Submitted to: Journal of Entomological Science
Publication Type: Peer reviewed journal
Publication Acceptance Date: 11/4/2003
Publication Date: 7/1/2004
Citation: Esquivel, J.F. 2004. Lamium amplexicaule L. - A new host record for Helicoverpa zea (Boddie) (Lepidoptera: Noctuidae). Journal of Entomological Science. 39(3):457-459. Interpretive Summary: The bollworm, or corn earworm, is an economically damaging pest of corn and cotton. The bollworm can feed on numerous wild plants when the primary hosts may not be available. However, previous wild host plant studies have not reported henbit as a host for the bollworm. Blooming henbit was sampled near College Station, TX, and 14 bollworm eggs and 18 larvae were collected. Two eggs and several larvae produced bollworm moths. These observations indicate henbit can support developing bollworm populations. Mowing or plowing of henbit before or during the cropping season may be required to minimize developing bollworm populations. Alternatively, the potential use of wild hosts as a refuge to produce susceptible bollworms may become an integral component of bollworm management strategies for genetically modified crops. Henbit may contribute to the refuge requirements but additional work is needed to determine the impact of this previously unreported host on developing bollworm populations.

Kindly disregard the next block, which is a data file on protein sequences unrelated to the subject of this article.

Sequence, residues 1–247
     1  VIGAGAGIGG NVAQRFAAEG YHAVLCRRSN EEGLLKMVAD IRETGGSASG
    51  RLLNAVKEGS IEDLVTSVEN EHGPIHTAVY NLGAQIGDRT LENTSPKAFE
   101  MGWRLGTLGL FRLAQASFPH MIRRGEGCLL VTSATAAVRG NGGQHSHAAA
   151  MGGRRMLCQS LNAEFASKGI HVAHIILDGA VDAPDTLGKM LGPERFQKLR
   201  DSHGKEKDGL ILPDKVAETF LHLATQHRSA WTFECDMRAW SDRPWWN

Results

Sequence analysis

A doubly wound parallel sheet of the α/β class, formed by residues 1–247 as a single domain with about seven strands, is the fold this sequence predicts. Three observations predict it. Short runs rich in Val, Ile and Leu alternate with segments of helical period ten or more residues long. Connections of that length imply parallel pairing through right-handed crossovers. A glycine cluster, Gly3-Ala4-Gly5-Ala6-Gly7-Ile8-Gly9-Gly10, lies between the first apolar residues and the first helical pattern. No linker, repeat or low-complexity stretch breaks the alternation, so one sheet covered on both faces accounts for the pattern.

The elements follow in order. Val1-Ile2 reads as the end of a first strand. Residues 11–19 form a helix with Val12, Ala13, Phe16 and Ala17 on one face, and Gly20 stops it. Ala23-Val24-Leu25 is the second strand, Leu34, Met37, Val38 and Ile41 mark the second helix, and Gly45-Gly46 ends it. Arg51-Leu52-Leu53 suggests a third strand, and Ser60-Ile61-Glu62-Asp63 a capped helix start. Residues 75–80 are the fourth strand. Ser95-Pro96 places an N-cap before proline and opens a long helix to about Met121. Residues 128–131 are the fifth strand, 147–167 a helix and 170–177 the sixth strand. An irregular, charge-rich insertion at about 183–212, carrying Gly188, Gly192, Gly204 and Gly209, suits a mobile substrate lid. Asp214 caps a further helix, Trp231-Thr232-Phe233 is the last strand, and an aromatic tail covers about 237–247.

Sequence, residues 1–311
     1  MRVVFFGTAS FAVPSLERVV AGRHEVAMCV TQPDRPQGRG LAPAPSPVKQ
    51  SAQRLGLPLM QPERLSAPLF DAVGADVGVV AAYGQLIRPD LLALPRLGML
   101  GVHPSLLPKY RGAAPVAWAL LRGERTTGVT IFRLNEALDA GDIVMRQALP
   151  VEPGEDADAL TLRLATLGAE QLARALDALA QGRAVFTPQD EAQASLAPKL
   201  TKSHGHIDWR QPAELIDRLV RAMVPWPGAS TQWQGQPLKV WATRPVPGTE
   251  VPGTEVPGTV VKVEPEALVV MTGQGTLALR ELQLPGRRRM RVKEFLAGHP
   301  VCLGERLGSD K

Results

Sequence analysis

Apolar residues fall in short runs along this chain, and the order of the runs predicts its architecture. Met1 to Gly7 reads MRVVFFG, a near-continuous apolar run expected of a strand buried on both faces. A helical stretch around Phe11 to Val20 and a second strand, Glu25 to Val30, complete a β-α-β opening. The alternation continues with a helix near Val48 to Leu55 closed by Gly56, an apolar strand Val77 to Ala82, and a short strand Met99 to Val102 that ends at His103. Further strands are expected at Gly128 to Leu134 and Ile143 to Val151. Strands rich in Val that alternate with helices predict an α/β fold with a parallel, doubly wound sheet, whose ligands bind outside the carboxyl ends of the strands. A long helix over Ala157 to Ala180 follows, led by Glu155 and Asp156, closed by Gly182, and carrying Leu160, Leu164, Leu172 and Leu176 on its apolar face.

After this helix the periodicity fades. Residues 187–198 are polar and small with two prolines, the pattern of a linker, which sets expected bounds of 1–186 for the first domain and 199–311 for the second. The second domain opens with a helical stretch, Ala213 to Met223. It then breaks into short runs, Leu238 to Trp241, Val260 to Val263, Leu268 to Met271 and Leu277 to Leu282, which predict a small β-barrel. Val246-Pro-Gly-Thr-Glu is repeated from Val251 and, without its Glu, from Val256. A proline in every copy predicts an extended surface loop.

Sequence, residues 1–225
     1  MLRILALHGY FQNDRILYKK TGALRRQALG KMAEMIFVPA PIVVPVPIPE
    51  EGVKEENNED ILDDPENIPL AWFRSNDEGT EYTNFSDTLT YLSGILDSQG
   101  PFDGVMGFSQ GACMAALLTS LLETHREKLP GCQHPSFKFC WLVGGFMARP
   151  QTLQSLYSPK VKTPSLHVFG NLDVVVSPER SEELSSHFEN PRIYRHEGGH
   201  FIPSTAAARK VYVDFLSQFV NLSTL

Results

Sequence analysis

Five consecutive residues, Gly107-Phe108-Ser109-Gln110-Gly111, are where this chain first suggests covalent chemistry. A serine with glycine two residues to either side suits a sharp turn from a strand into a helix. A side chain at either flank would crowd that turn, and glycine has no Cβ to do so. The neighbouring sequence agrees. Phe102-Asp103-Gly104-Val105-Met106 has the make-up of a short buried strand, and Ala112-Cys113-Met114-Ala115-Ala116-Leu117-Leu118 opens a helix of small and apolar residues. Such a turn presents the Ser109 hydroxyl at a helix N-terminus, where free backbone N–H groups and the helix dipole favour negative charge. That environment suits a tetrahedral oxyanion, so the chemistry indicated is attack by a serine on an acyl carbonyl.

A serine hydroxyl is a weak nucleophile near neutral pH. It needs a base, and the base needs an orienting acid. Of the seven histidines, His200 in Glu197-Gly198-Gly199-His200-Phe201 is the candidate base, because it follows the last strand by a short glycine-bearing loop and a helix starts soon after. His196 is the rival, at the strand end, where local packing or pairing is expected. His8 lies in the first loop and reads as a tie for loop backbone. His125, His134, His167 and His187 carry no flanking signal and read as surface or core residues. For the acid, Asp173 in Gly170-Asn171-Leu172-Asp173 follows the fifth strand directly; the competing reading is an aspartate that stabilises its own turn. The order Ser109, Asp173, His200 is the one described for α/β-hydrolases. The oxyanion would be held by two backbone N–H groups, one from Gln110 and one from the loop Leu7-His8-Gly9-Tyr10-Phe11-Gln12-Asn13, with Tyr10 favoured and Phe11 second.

Technical Abstract: Helicoverpa zea is a polyphagous pest of corn and cotton, and this has contributed to the ongoing difficulties in controlling this pest. Previous studies have shown H. zea utilizes many wild host plants, but Lamium amplexicaule has not been previously reported as a host for H. zea. H. zea eggs and larvae were collected from blooming L. amplexicaule near College Station, TX. In total, 14 eggs and 18 H. zea larvae were collected during April 2003. Larval sizes ranged primarily from second to fourth instars. Nine larvae and 2 eggs yielded H. zea adults. Some eggs did not hatch and some larvae died. The presence of H. zea eggs and larvae on L. amplexicaule suggests this previously unreported host might sustain early-season H. zea populations. This new host plant may influence management of this host as a cultural control technique for H. zea. Alternately, this new host plant may contribute to resistance management efforts required for transgenic crops. However, additional research is required to determine the impact of this newly reported host to developing H. zea populations.